(NewsReady.com) – Finding lost treasure is something most kids dream of doing. Finding an entire ship is almost unimaginable. That’s exactly what a 5-year-old and her father found in Wisconsin.
In August, 5-year-old Henley Wollak and her father, Tim Wollak, were fishing in Green Bay, near Green Island, when their fish finder sonar indicated something was below the surface. The little girl thought the images were some kind of rare, freshwater octopus. However, the Wollaks have now learned that they actually found a shipwreck that’s more than 150 years old.
Wisconsin Historical Society Maritime Archaeologist Tamara Thomsen told NPR that the ship’s features and location match the ship called the George L. Newman.
In October 1871, the Newman was delivering cargo lumber to Green Bay from Little Suamico. The 122-foot, 250-ton ship was navigating the water when it made an error because of heavy smoke in the area. The smoke came from the Peshtigo Fire, which became known as the deadliest fire in US history, killing an estimated 1,200 people.
The ship ran aground on Green Island. The crew was unable to move it back into the water, so they unloaded it and left it behind. Thomsen explained that it ended up being destroyed over the years and was eventually “swallowed by the shoal [and] covered up with sand” until the Wollaks exposed it.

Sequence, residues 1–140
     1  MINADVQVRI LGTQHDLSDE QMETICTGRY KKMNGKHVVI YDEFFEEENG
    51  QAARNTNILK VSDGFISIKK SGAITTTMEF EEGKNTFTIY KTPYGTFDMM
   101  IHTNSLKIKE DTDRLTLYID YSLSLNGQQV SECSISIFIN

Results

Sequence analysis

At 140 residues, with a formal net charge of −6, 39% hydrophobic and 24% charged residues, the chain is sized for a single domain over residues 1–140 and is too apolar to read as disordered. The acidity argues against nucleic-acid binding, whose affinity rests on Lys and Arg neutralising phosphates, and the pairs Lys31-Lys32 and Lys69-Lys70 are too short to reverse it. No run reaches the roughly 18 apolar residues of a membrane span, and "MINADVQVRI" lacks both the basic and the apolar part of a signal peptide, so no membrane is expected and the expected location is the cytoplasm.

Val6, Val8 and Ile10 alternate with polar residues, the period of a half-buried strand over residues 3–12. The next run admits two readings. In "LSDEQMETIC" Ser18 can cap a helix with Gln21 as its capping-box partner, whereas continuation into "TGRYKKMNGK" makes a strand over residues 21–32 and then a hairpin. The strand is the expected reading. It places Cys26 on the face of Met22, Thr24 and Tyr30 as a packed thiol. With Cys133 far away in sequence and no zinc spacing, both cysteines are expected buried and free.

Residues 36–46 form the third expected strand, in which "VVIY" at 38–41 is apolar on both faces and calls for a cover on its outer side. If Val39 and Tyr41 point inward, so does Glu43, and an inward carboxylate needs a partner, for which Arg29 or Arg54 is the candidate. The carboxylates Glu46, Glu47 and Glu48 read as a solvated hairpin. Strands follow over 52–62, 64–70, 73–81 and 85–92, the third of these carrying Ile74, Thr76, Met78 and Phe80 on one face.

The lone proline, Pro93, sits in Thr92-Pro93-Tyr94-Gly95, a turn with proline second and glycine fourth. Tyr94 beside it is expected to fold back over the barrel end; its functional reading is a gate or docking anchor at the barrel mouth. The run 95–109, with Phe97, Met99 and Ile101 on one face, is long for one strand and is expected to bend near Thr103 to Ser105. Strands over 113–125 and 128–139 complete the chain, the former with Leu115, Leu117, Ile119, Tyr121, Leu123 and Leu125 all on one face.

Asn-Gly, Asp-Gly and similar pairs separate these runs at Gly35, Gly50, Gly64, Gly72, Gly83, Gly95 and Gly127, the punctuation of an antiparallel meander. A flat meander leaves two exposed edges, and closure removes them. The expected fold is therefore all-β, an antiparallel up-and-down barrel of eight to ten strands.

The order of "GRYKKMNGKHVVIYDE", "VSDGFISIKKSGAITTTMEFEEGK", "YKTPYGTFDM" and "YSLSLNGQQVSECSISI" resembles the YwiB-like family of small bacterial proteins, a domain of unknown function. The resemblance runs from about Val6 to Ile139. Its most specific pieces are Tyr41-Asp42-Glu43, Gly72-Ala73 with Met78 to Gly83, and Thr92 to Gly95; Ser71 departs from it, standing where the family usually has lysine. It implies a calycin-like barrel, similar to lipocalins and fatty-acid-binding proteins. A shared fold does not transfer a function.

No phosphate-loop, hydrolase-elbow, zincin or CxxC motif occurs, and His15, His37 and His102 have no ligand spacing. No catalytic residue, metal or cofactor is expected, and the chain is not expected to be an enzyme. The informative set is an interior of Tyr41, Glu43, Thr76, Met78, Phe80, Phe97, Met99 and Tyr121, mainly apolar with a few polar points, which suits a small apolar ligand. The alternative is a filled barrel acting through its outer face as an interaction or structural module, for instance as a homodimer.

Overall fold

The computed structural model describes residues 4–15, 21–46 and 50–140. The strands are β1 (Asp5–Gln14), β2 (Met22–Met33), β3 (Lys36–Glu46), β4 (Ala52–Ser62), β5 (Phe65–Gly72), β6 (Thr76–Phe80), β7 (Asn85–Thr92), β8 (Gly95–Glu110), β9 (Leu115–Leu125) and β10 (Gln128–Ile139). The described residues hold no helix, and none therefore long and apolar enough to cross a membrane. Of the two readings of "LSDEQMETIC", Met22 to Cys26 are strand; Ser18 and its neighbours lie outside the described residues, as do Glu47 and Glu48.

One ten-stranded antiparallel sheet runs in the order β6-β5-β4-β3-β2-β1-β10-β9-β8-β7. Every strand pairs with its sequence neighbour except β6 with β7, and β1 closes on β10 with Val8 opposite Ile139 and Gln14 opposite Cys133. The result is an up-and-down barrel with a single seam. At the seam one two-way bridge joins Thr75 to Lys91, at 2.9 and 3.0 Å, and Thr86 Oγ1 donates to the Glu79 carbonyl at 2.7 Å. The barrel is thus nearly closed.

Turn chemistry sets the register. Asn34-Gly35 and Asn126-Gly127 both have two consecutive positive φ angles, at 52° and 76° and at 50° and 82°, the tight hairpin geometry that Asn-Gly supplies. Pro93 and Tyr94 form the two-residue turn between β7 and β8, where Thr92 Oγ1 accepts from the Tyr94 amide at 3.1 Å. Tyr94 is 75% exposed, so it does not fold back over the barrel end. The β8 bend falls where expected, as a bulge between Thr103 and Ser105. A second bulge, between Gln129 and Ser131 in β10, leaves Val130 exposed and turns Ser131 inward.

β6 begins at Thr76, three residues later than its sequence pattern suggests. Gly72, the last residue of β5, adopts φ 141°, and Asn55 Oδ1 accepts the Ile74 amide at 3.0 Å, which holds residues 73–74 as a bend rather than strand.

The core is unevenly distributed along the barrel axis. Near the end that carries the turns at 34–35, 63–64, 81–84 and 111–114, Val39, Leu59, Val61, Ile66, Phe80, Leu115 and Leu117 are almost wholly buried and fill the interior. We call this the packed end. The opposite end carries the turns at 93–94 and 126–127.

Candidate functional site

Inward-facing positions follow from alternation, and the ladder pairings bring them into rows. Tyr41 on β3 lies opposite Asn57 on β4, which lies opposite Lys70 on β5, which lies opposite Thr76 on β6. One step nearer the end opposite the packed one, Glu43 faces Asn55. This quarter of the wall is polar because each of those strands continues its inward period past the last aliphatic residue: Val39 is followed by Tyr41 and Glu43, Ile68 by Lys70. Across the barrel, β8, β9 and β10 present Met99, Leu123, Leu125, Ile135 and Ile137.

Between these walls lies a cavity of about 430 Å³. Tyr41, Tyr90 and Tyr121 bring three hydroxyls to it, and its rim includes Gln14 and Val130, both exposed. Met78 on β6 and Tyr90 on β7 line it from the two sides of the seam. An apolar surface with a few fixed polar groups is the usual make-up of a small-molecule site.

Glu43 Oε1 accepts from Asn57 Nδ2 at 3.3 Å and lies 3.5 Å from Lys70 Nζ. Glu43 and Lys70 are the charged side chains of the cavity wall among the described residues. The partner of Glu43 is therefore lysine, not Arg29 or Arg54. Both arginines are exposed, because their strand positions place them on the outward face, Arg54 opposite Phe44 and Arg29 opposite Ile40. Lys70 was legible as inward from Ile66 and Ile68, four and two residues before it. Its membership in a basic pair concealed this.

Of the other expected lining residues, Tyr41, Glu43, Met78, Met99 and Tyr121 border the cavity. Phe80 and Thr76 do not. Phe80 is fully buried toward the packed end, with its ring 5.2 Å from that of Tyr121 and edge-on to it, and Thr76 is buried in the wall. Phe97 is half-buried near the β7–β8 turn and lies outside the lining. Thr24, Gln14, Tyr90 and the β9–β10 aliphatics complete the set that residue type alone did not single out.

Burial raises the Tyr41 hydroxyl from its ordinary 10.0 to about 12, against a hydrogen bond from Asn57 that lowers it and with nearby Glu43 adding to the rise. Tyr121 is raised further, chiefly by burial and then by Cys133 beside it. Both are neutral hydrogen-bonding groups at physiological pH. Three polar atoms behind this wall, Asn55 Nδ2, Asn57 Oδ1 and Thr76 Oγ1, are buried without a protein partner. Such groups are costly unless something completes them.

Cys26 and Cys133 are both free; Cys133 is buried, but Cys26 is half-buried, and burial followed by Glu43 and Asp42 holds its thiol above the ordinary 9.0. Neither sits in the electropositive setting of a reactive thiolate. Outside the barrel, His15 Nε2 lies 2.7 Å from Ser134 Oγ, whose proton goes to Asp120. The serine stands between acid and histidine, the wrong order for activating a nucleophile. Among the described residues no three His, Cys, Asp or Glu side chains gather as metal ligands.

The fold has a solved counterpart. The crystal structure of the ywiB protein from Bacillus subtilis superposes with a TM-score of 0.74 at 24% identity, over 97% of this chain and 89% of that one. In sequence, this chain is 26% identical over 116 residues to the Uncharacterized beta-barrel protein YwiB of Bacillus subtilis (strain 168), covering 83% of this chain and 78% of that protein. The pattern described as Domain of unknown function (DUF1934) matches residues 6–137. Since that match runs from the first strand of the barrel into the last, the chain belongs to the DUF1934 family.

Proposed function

Mr. Wollak said his daughter was a little disappointed because she was hoping there would be treasure on the ship.
Lake Michigan, where the island is located, is the final resting place of approximately 1,500 shipwrecks. The lake is almost 1,000 feet deep in its deepest spot, which makes it difficult to determine exactly how many ships are down there. Approximately 300 ships were found behind the surf line. With all of those undiscovered wrecks out there, Henley might get lucky and find another one someday. And who knows? Maybe that one will contain treasure.
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